Do I Need To Protect My Shrubs Over The Winter?

Why plants die and how you can keep them alive

Doug Green
Nov 23 · 3 min read
Photo by Matthew Brodeur on Unsplash

I got this question on my Facebook page and my answer is deceptively simple.

I never protect my shrubs during the winter.

The reason I have evergreens is so they’ll be “Ever Green” all year long.

I hate the notion of an “Ever Brown” when they’re wrapped with burlap. Why plant an evergreen and then cover it with ugly burlap? I won’t bore you with a rant about this but…

Let’s just say I want my garden to look great all year round and burlap or other protective devices just don’t cut it for me.


So why do some shrubs turn brown?

If they’re too close to a highway, and the road is salted for ice then damage from spray drift (when the cars blow past kicking up the salt) is a prime culprit.

In this case, either wrap or transplant the evergreens out of this area and replace them with woody shrubs that do not require wrapping.

Personally, I’d move them and replace with flowering shrubs rather than looking at brown burlap all winter.

The prime victims here are yew or broadleaf shrubs (shrubs that don’t drop their leaves in the fall)

  • They’re planted where they get a lot of winter sun.
  • The sunlight warms up the leaf, the leaf stomata opens up to “sweat” and loses moisture.
  • The plant can’t replace that moisture because the ground is frozen.
  • Without the moisture, the leaves turn brown.

The solution is to plant them so they don’t get that warm winter midday sunshine or to spray a protective antidessicant spray such as Wiltproof (top and bottom of leaf) that will stop the leaf/needle from losing moisture.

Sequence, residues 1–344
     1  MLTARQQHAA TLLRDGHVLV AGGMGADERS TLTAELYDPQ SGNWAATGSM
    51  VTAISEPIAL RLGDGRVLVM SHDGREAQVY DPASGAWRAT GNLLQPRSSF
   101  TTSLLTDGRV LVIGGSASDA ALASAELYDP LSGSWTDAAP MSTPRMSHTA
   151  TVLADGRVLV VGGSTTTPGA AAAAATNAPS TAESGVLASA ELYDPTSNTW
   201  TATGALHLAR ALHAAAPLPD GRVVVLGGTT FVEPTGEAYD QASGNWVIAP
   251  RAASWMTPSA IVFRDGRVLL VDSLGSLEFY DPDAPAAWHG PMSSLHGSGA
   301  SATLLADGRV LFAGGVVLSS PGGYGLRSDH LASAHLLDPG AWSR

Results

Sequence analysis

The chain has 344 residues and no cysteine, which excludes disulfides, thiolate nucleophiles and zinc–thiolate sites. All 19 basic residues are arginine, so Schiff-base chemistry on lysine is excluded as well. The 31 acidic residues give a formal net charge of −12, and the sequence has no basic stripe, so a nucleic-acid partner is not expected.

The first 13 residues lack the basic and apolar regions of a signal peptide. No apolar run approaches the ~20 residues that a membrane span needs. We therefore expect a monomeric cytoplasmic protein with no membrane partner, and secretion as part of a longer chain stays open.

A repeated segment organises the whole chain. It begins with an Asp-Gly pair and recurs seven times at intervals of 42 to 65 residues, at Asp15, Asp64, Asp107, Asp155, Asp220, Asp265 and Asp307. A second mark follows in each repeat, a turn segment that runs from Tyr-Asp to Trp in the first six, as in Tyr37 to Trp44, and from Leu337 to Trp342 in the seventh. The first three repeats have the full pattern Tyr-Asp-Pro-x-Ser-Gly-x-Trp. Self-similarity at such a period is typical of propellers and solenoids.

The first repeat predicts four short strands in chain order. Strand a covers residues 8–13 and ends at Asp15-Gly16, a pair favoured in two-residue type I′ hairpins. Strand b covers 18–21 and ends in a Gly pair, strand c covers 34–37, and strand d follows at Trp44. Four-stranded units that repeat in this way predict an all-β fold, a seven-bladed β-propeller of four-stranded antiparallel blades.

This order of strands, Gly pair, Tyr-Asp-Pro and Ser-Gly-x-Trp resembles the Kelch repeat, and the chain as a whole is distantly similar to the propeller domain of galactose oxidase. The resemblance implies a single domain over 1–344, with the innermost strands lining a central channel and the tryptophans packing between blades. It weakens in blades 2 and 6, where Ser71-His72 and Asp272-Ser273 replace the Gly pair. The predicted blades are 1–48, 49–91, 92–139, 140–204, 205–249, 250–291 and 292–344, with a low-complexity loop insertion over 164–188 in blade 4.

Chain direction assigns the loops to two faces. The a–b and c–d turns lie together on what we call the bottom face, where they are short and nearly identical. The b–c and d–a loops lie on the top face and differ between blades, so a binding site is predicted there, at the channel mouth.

There’s absolutely no reason to wrap a tough evergreen such as a Juniper if it’s not next to a road.

If you’re pushing the growing zone — perhaps with something like a tender Rhododendron — then you can expect the “wrong location” advice to kick in with a vengeance along with the plant itself being too tender to survive.

The solution here is to search out the hardier versions (look for Rhododendron ‘Northern Lights’ plants for example.)


What About Rodent Damage?

This is one of the best/only reasons to put a tree guard on a tree. I use something called “hardware cloth” available in all major building supply stores. I wrap every young tree — evergreen or deciduous — with this material.

I’ve never bothered with older multi-stem shrubs until this past winter when the vole population exploded and took out every unwrapped shrub and small tree across our entire island.


So Why Do People or Garden Centers Recommend Wrapping?

It’s old advice and come to us handed-down from previous generations.

It’s a marketing thing to sell you burlap or other protective gear.


But What If My Shrub Dies?

Shrubs die for a lot of reasons and if it’s wrong plant — wrong place then you can expect to pay that price.


Check out the other garden solutions on my Amazon ebook list here.

(Note I get a small affiliate payment when you buy my ebooks or use links on this site.)

Doug Greens Garden

A practical organic gardening resource helping you have a better garden

Doug Green

Written by

Former nurseryman, now writer and curious about what’s over the next hill and how to get there in either my Triumph Spitfire or sailboat.

Doug Greens Garden

A practical organic gardening resource helping you have a better garden

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